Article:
Haukereid v. National Passenger Railroad Corporation

Filing 21

ORDER granting in part and denying in part 13 Motion to Dismiss; granting 7 Motion to file an Amended Complaint; denying 3 Motion for an Order to preserve evidence; and denying as moot 5 Motion for leave to serve a subpoena. Amended Complaint, minus the outrage claim, due by July 3, 2013. Signed by Judge D. P. Marshall Jr. on 6/25/2013. (jak)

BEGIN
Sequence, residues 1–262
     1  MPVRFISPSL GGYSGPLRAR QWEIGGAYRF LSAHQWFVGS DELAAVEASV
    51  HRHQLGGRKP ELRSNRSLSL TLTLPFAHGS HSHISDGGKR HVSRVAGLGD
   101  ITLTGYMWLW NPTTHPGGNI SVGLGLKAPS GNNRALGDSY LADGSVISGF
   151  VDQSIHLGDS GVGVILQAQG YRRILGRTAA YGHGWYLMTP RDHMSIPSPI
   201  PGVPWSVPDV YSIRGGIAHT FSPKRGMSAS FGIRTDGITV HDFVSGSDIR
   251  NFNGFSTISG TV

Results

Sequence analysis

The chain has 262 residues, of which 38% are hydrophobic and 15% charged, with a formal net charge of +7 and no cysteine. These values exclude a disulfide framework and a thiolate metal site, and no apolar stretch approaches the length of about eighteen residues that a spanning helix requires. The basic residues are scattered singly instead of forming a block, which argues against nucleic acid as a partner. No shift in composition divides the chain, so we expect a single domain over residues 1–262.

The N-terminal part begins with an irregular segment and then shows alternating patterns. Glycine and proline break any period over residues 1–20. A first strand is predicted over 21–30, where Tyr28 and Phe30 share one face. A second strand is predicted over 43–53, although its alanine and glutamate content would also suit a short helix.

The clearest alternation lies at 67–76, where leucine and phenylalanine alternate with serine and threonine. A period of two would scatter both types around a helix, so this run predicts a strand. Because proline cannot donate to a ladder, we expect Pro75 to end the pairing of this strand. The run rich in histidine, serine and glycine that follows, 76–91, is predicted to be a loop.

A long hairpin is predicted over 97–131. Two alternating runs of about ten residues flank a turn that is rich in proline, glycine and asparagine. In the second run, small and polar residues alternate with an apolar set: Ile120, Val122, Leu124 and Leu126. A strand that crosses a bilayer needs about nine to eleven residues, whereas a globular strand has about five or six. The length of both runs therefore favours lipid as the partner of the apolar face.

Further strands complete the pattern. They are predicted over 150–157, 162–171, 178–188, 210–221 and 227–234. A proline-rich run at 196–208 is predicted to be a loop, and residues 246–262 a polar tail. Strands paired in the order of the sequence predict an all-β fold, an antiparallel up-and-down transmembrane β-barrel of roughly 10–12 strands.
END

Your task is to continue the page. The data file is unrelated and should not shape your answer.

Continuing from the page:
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IN THE UNITED STATES DISTRICT COURT EASTERN DISTRICT OF ARKANSAS JONESBORO DIVISION SCOTT HAUKEREID, individually and as Personal Representative of the Estate of Andrew Haukereid Jr., deceased v. PLAINTIFF No. 3:13-cv-92-DPM NATIONAL PASSENGER RAILROAD CORPORATION, t/dfb/a AMTRAK DEFENDANT ORDER This lawsuit alleges that Andrew J. HaukereidJr., an elderly gentleman, fell to his death from a moving Amtrak train. His family faults the design of the doors and the conduct of Amtrak personnel. The railroad's motion to dismiss is granted in part and denied in part. The Court cannot say without more facts whether the door-safety regulations apply to the cars and doors in the train Haukereid rode or whether those regulations cover the subject matter of Arkansas tort law in these circumstances. CSXTransportationlnc. v. Easterwood,507U.S.658 (1993); Cearley v. General Am. Transportation Corp., 186 F.3d 887 (8th Cir. 1999). Amtrak's motion to dismiss on preemption grounds is therefore denied without prejudice. This issue is best addressed on summary judgment-a focused motion based on the material facts and the governing law. Amtrak's Donnelly argument is premature too. Arkansas law makes proximate cause and intervening cause a jury question in most cases. Larson Machine, Inc. v. Wallace, 268 Ark. 192, 207-08, 600 S.W.2d 1, 9-10 (1980); St. Louis Southwestern Ry. Co. v. Pennington, 261 Ark. 650,662-63,553 S.W.2d 436, 441-42 (1977). We will see, after discovery, if the record leaves the jury to guess at causation "between two equally probable possibilities." 261 Ark. at 663, 553 S.W.2d at 442. Compare Donnelly v. National Railroad Passenger Corp. (Amtrak), 16 F.3d 941, 946 (8th Cir. 1994) (holding trial evidence insufficient to show proximate cause). Amtrak is right, however, that the pleaded facts, interpreted most favorably to the Haukereids, do not support an outrage claim. Not all offensive conduct is outrageous under Arkansas law. "The conduct at issue must be so outrageous in character, and so extreme in degree, as to go beyond all possible bounds of decency, and to be regarded as atrocious, and utterly intolerable in civilized society." Freeman v. Bechtel Construction Co., 87 F.3d 1029,1031 (8th Cir. 1996) (Arkansas law)(quotation omitted). The Haukereid -2- Estate alleges that, in light of a many-year history of passengers falling off trains, the failure to investigate that possibility, or alert Mr. Haukereid' s family to it, was outrageous. This Court predicts the Arkansas Supreme Court would hold otherwise. The complaint does not allege that Amtrak exercised dominion over Mr. Haukereid' s body, or acted affirmatively in some intolerable way. Compare Travelers Insurance Co. v. Smith, 991 S.W.2d 591,338 Ark. 81 (1999) and Growth Properties I v. Cannon, 669 S.W.2d 447,282 Ark. 472 (1984). The railroad's alleged inaction and silence in these circumstances, the Court predicts, would be adjudged to sound in negligence, rather than outrage, given that intentional tort's short reach in Arkansas. Motion, NQ 13, granted in part and denied in part. Unopposed motion to file an amended complaint, NQ 7, granted. Amended complaint, minus the outrage claim, due by 3 July 2013. Motion for an order to preserve evidence, NQ 3, denied. The Court will follow precedent if a spoliation issue arises. Morris v. Union Pacific Railroad,373 F.3d 896 (8th Cir. 2004); Stevenson v. Union Pacific Railroad Co., 354 F.3d 739 (8th Cir. 2004). Motion for leave to serve a subpoena on Union Pacific, NQ 5, denied as moot in light of the parties' Rule 26(£) report. -3- So Ordered. D.P. Marshall Jr. United States District Judge -4-

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